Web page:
Youth marketing expert Jeroen Boschma is a month shy of launching the Indian edition of his book 'Generation Einstein - smarter, faster and socially more aware' in India. The book, first launched in 2006, already exists overseas in Dutch, Spanish and English, and now the author is all set to release the India-specific version for Indian audiences. Basically, the contents of the existing English copy of the book have been tweaked for the Indian market.
Youth entertainment brand UTV Bindass has co-authored the Indian edition of this book, along with Boschma, who, with the help of consumer insights provided by the Bindass team, re-wrote the book keeping in mind Indian sensibilities. The entire effort took a year.
Broadly speaking, the book is divided into four parts: The first part, called 'Signs of the Species', addresses the core values of this generation; the second part talks about where this generation comes from; the third part is all about communication, marketing and media strategies; while the fourth part bears all the India-specific examples/case studies.
The book has about 150 pages and contains 20 chapters. The price is not frozen yet.
In a chat with afaqs!, the author talks about the concept of 'Generation Einstein' (a generation that comprises 12-24 year olds), the philosophy behind the book and more.
"It's a positive generation; they think fast and differently. And, be it interacting with new media, adapting to the changing world or self-actualisation, they're smarter than the previous generation," explains Boschma, when quizzed about the title of his book, insisting that 'Generation Einstein' is far from being yet another book that simply raves about how digital/social media-savvy today's youth is.
The book talks about the characteristics of today's youth, the changes that one sees in the current generation as compared to the previous ones and also advices brand marketers on how to communicate with today's youth most effectively. Boschma observes that owing to certain common characteristics, this generation is quite homogenous across countries; all of them want to be happy, not rich.
Tips for brand marketers
So what tips would he give to Indian marketers? "I'd ask them to forget everything they've learnt so far, to be open-minded and understand that they're dealing with youngsters who are more intelligent than them and understand advertising and marketing better than they do," answers the author.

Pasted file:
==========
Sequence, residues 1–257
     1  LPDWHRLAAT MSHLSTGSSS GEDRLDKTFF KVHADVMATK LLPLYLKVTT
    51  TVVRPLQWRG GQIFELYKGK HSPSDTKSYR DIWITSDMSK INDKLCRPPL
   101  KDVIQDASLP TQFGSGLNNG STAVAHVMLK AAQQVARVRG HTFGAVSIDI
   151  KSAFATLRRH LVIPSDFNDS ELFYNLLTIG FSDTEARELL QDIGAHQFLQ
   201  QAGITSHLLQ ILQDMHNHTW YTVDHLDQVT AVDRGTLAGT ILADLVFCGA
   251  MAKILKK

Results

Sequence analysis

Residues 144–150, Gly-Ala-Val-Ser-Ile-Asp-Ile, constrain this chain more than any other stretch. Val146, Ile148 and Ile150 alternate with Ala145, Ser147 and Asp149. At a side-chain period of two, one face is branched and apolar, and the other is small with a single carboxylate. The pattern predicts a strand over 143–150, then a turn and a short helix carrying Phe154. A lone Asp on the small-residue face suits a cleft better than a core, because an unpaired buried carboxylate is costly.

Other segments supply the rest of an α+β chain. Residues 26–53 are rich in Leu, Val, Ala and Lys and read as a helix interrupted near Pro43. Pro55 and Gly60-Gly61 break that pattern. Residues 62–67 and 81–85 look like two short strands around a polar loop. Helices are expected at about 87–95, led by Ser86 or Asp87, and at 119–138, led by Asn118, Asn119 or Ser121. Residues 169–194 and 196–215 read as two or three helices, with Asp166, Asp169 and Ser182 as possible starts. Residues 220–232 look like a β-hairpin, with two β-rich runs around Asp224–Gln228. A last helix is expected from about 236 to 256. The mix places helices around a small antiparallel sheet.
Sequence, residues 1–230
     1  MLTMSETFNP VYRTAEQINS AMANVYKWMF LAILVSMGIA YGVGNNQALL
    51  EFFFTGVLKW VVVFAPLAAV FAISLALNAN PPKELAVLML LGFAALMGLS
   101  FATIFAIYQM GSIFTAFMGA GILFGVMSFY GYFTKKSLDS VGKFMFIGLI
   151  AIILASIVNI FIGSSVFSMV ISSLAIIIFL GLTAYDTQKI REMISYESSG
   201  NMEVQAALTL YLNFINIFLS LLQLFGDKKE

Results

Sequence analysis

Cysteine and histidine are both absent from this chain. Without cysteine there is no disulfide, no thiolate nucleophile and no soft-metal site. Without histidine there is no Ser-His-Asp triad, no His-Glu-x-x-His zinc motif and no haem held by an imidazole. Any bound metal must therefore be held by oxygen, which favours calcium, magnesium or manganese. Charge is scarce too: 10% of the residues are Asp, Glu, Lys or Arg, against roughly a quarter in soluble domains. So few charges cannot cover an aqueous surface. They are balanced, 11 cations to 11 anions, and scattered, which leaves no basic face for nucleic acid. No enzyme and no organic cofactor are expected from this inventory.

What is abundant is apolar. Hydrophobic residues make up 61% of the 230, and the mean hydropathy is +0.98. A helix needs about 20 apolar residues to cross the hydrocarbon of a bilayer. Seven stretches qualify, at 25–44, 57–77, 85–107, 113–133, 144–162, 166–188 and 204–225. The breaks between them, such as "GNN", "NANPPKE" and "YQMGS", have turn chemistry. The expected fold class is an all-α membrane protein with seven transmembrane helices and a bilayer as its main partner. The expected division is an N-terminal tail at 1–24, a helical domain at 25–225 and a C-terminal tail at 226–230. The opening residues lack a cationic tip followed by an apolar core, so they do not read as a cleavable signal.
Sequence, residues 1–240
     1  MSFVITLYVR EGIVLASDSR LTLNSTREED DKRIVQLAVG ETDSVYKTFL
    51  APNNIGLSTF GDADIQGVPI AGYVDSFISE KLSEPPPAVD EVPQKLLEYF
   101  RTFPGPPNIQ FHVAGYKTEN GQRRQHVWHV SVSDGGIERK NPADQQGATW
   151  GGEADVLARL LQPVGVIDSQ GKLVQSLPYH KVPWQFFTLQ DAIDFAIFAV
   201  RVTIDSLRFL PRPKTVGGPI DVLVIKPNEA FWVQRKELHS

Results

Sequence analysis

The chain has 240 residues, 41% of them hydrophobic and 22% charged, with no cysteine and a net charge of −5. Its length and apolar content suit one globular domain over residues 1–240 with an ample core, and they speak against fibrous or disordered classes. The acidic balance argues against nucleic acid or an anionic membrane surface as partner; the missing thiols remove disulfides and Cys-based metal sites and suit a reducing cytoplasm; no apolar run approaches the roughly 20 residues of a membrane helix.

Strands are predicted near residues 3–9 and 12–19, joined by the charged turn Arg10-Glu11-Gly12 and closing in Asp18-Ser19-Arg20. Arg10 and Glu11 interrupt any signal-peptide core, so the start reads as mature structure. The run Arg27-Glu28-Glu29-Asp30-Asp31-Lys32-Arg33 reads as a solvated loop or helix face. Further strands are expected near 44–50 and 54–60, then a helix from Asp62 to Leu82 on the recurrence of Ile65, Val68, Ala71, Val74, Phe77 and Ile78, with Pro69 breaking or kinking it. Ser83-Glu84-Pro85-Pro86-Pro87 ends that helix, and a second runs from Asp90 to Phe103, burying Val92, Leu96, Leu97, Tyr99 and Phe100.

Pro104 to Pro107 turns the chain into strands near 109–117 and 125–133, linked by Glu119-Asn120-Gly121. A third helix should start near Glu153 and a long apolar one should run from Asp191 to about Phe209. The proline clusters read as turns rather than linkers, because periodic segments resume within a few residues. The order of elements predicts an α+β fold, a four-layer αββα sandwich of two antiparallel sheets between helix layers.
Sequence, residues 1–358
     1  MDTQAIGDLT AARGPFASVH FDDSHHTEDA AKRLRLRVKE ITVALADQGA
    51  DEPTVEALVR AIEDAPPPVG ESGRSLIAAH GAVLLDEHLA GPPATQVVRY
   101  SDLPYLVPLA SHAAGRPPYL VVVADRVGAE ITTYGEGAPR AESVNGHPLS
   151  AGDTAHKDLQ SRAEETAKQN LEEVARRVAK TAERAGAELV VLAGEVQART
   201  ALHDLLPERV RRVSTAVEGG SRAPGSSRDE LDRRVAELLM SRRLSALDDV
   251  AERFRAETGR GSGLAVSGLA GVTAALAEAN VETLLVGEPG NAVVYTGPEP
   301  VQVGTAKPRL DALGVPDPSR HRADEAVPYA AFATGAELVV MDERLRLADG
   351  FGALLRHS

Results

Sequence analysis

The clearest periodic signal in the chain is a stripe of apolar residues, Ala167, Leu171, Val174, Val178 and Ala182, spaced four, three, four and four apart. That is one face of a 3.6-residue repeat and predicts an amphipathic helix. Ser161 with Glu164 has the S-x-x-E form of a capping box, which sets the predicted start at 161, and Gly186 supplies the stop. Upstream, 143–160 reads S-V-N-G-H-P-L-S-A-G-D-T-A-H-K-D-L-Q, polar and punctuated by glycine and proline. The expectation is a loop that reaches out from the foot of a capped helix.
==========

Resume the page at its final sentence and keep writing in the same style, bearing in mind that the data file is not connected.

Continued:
He goes on to opine that the most common mistake today's marketers make is that they think about the youth in the "old world way", that is, in terms of 'How can I get closer to these youngsters?', rather than 'How can I make them invite me into their lives?'.
Boschma further advices that brand marketers should think about the youth the way they'd think about their best friends and treat them the way they'd treat their closest friends. "On social media, too, 'Like' is nothing; think about 'Love' and how you can make the youth love you and your brand," he enthuses.
The book also throws light on a communication strategy called 'Increation', a method of communicating with the youth that involves putting many ideas to test and then trying to zero in on the final idea with the help of the reactions received.
Are there any specific Indian insights that Boschma observed while compiling this book? "One big difference between India and Europe is that while Europe is quickly growing old and grey, India is only getting younger. That's why most brands want to target the youth segment," he says. This generation, he elaborates, is extremely adaptable and receptive to change.
He also shares that though he expected more of a generation gap between youngsters and their parents in India, he was pleased to find that there exists a healthy friendship between parents and kids these days.
Explaining UTV Bindass' role in this book, Keith Alphonso, business head, UTV Bindass, tells afaqs! that his team provided the base-work and consumer insights that Boschma used for this version of his book. These insights were gathered from 2,000 people across six cities in the 16-24 years age bracket.
As found by some recent research done by the UTV Bindass team, Indian youngsters are both extremely confident as well as very anxious, thanks to today's hyper-competitive atmosphere. "We've come up with the phrase 'fragile invincibility' to capture this combined sense of optimism and self-doubt that youngsters feel these days," explains Alphonso.
'Generation Einstein' is Boschma's fifth book in the branding and marketing space. His sixth book titled 'Mind the Gap' is in the pipeline and will be ready for release in a couple of years.